the APOC is one colossal joke! Rarely do they take any action, and when they do, it’s long after the horse has left the barn.

  10. AKMuckraker says:

    LKB, you are a rock star! Thank you so much for all your work on this.

  11. Dagian says:

    Wow. That’s really terrific. The only way it could improve would be if they did levy the full $37,990 on him and he had to pay up.

    But look how far it’s come and I think Linda deserves something bubbly for it.

    Bath or beverage?

  12. slipstream says:

    I think I’ll go over to the Ford dealer this afternoon and offer 10% of the sticker price on a new Ford F250. They ought to be happy with 10%, don’t you think?

  13. FAWNSKIN MUDPUPPY says:

    thank you, linda, for doing the good work.

  14. mike from iowa says:

    LKB-you have to be one remarkable woman to be willing to follow these shenanigans with pols,probably knowing in advance they will be protected by their cronies. I will tip my hat to you and if Slip ever posts first and buys beer,I will gladly tip a glass in your honor. Diligence and determination are two of your best qualities. You keep up the good fight and I will gladly keep reading. Now where did that pesky Slipstream run off to?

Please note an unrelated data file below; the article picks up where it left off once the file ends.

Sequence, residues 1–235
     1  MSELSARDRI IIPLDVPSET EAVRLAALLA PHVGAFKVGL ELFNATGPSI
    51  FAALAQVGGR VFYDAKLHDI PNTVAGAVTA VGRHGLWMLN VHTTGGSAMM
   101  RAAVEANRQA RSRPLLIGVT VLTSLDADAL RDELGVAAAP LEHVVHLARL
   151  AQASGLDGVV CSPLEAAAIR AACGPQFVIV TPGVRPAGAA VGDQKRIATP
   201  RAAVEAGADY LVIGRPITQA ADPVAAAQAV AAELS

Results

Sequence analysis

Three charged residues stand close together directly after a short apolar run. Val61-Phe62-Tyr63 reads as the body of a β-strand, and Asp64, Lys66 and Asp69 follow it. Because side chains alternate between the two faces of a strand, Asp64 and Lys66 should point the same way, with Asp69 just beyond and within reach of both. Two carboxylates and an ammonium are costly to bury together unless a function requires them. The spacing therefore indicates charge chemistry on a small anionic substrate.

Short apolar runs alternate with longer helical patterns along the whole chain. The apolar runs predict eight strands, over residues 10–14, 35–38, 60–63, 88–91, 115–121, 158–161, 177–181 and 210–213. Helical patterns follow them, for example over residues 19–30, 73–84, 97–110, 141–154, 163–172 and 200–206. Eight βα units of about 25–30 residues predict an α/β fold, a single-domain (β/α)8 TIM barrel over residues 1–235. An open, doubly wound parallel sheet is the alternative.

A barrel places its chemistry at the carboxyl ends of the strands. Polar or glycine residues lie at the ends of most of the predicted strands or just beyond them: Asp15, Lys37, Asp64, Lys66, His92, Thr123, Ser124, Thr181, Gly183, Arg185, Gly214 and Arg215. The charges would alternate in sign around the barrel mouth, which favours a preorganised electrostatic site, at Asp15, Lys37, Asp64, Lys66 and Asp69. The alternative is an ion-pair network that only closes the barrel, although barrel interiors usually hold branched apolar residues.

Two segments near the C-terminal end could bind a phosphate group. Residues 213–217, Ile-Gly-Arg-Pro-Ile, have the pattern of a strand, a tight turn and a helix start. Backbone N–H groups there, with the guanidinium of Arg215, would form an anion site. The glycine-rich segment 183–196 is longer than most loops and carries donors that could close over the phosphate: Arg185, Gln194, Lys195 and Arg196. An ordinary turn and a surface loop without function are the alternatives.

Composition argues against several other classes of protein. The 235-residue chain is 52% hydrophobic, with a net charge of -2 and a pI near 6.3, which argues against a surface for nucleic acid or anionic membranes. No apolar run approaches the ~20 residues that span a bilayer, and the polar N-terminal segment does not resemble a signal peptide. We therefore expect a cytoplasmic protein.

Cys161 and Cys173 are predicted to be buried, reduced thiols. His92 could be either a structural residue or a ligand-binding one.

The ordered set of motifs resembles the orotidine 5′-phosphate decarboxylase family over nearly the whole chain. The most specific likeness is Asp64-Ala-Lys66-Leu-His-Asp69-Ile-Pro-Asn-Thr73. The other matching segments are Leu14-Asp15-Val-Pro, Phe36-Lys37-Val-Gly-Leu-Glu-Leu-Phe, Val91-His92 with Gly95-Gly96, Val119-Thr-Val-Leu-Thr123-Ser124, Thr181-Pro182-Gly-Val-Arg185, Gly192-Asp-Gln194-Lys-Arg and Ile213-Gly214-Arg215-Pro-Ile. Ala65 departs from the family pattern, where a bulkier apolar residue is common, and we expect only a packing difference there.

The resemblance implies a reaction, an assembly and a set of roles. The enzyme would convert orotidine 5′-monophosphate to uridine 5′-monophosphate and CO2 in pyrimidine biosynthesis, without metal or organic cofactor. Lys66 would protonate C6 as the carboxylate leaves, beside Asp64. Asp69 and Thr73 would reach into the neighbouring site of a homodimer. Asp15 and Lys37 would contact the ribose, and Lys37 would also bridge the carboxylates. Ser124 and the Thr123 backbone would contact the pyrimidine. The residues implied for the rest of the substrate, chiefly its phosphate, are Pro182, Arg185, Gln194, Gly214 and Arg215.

• CO almost native says:

      I don’t have a hat to tip, but I’ll toast you with the glass of Fat Tire I currently have in my hand.

      *clink* Bravo! Persistence is your middle name!

  15. A better result than many get before APOC. Well done, and special props for your dogged determination to see it through.

  16. Cinquifoil says:

    ahem, of all of them, why are noticing what Tlingit from the Chilkat is doing wrong?

    Mudflats is such a forum

    • FYI — Bill Thomas is one of only a couple of the “Corrupt Bastards” that made it through. In 2006, though Mr. Thomas’s District (5) is small in population, he was the largest recipient of VECO money. All of this I learned as a result of the complaint. At the time, I was asked a question about these “thank you ads” that the Rep from Haines was running–whether I thought there was a problem. That’s how the complaint started.

      • Pinwheel says:

        Linda:

        First I must/want to congratulate you for your determination to bring this particular story to light. (Does Alaska have a ‘government in sunshine’ law?) I know some small communities have had these in the past.

        Perhaps this is a research project for students of political science, or the rest of us. I lived in the sunshine for decades. The concept is good, the implementation is extremely questionable. It is a fallacy to say that Thomas represents a small district. Before redistricting, Thomas’s district reached up to Cordova. Check the charts. One of the greatest ranges for an Alaskan legislative district. Remember Georgina Lincoln? She represented a huge area of Alaska, well.

        Not to take away anything from your effort, patience, conviction that you, Linda, have demonstrated. I celebrate your determination to ensure truth to power.

        Nancy